The land was requisitioned by Acts Of Parliament. A Parliament that was elected by a a tiny proportion of the country, and in no way reflective of Democracy as we recognise it now. The idea that compulsory purchase of land for national infrastructure projects is either new or somehow breaks ”hundreds of years of democracy“ is counter-factual.Landowners were compensated for the land that was requisitioned. The canals and railways were all private enterprises and used significant amounts of shareholder capital to buy land. I commend Christian Wolmar’s book Fire and Steam for a clear explanation of how the railways were funded.
If you want an example of government sequestering property, the nationalising of the railways is a good one. The shareholders in the railway companies were not compensated at all for the physical assets that were nationalised.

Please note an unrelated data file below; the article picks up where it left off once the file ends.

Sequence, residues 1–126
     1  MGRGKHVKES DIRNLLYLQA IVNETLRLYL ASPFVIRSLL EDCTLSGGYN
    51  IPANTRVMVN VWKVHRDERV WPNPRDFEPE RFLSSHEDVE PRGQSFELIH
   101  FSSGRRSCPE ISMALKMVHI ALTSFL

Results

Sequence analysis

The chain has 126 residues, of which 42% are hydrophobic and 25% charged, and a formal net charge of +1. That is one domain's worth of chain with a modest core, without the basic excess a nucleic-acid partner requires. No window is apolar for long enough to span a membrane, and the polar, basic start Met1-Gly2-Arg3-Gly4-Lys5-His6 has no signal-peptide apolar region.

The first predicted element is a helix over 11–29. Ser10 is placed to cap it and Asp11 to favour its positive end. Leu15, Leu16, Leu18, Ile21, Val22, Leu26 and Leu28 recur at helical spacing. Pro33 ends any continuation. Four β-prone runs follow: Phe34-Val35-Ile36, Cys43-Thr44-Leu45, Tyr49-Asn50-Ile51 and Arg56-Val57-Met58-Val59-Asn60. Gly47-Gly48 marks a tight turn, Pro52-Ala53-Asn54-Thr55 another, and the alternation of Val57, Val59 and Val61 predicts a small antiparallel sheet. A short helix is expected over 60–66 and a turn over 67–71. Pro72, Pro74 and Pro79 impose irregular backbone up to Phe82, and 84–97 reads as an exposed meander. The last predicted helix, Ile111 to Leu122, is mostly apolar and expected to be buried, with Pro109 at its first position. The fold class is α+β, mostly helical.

It couldn’t happen today; property rights are now enshrined in human rights law. The only recourse is compulsory purchase.
Buy Fire and Steam: A New History of the Railways in Britain By Christian Wolmar. Available in used condition with free delivery in Australia. ISBN: 9781843546290. ISBN-10: 1843546299www.worldofbooks.com
During the railway building boom, landowners were compensated, and the more powerful and influential they were, the better they were compensated.